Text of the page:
The wet and shady climate is perfect for trees, not so much for campers. After a few nights, all of our gear was damp and had developed the distinct wet dog smell. After a short break in the small town of Trinidad, staying with our wonderful host Carol, it was time to return to the coast and leave the redwoods behind.
Still foggy, we blasted down route 1, meandering along the coast over many hills, through tiny towns and a tree corridor that made Lucy happy. As the weather got better, the views got more stunning.
It was hard pedalling for a few days but there was word of an oasis a few hundred miles away that kept us going. A luxury destination, a campsite with pool, hot tub and open kitchen was waiting for us. The private campsite company KOA, usually way over our budget, had cut a deal on one of their sites and had agreed to let cyclists stay for the top tier state park fare of $10 per head. With this carrot dangling in front of our noses, we smashed the last miles and optimised our daily itinerary to ensure maximum time in the hot tub.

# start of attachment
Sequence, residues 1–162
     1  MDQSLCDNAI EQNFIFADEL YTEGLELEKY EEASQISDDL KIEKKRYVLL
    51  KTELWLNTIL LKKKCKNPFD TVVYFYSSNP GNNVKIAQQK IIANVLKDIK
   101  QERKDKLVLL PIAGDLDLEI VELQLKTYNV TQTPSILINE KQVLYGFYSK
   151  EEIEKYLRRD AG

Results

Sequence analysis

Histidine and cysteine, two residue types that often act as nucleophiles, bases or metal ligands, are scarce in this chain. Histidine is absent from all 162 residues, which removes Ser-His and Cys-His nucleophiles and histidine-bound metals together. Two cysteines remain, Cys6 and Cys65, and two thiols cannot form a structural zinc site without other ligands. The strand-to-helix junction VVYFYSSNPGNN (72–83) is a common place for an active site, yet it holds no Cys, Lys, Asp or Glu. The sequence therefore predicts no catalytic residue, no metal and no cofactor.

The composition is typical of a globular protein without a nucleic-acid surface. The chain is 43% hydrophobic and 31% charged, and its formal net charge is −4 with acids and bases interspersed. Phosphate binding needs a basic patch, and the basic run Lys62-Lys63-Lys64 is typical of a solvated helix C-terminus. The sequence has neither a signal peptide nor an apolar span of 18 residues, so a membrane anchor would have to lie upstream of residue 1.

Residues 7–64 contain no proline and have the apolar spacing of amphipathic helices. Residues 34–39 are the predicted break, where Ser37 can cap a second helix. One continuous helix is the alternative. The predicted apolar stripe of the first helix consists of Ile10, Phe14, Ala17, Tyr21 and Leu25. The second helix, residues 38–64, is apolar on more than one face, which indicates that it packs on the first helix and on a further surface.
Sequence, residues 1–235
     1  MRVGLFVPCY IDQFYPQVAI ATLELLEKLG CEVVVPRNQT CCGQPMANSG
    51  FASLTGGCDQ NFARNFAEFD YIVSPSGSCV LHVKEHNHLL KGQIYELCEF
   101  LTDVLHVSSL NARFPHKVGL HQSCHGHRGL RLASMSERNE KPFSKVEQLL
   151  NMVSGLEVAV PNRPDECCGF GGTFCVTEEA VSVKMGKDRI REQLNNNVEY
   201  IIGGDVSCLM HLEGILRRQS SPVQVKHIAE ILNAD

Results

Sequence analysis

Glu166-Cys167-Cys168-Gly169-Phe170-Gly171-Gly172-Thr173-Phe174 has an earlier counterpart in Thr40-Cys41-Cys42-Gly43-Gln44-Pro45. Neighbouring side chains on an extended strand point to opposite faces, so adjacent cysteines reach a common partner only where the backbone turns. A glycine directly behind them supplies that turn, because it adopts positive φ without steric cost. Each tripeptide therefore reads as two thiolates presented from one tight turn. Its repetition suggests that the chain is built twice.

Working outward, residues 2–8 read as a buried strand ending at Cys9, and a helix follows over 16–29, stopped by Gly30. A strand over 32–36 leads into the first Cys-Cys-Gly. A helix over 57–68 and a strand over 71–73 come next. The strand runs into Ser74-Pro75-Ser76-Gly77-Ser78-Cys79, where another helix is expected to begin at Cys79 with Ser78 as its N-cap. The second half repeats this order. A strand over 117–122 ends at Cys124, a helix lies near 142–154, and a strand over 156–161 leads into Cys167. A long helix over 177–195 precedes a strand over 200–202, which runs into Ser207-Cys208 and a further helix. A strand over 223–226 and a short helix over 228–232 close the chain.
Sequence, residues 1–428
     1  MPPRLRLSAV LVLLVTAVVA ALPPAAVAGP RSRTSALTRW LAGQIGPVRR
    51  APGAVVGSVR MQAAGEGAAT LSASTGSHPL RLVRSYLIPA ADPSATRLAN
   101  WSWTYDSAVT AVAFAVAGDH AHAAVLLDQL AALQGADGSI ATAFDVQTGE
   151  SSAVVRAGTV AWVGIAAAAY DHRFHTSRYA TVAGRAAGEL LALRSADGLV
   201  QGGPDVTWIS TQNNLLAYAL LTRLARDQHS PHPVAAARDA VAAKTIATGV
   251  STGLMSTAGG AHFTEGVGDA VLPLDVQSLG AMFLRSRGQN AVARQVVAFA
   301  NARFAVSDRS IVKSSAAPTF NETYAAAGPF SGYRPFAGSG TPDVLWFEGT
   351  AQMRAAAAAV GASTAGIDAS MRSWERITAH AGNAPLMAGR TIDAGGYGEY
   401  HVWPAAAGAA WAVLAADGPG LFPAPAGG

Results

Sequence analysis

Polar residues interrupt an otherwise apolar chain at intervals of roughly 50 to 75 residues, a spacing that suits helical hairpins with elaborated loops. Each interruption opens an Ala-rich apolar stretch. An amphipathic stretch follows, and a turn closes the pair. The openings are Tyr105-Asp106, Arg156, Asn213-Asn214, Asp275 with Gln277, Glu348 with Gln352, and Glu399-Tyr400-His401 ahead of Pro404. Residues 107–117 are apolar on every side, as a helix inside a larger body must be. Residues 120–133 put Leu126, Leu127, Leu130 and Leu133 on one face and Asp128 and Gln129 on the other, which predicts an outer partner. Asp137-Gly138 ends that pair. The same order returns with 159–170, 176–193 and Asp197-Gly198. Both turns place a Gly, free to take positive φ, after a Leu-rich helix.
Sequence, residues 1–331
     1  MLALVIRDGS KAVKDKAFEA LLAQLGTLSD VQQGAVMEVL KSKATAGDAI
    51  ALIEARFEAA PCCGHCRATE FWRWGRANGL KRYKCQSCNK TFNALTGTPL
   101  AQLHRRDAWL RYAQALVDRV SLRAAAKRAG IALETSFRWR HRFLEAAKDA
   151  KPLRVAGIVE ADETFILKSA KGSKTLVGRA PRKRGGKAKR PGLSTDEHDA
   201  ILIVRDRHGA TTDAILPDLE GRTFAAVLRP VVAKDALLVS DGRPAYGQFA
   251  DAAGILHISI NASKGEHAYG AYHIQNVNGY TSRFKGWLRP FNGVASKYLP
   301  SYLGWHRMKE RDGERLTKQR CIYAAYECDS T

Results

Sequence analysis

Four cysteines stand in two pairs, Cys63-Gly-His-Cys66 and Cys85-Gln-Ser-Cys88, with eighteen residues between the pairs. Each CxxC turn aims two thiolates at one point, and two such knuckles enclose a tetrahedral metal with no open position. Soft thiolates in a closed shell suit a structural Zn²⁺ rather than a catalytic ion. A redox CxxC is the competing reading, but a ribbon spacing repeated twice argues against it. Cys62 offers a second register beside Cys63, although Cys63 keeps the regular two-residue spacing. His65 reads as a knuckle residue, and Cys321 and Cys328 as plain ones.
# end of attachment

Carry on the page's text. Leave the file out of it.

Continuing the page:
Less than 200 miles now separated us from our first big city in California – San Francisco. The route continued along the coast. The sun was beaming, the temperatures rising. For the first time in weeks, we cranked out the sun cream.
Suddenly a serious road cyclist appeared, then another one. And another one. It was the weekend and without noticing it we had become part of a big bike race – one of many that the Bay Area city folk like to participate in. Stuck between carbon frames and lycra-clad weekend riders in colourful team outfits, we had no choice but to race them on our fully loaded tourers. While Jan took pride in overtaking a couple of them on an uphill, the volunteers on the designated water checkpoint laughed at the bizarre scene.
Upon reaching the urban sprawl of the bay, the infrastructure got a lot better. Cycle paths appeared and cars drove more cautiously. Zig-zagging through San Rafael and Mill Valley, we reached the wonderful cycling path along Sausalito, giving away a first shy glance of the most iconic bridge in the world. A few climbs later we stood at the viewpoint, overlooking the Golden Gate.
In San Francisco, we had the pleasure to stay with Rob, who made us feel at home from the first minute. Sharing the passion for good food, we cooked delicious meals together and chatted away.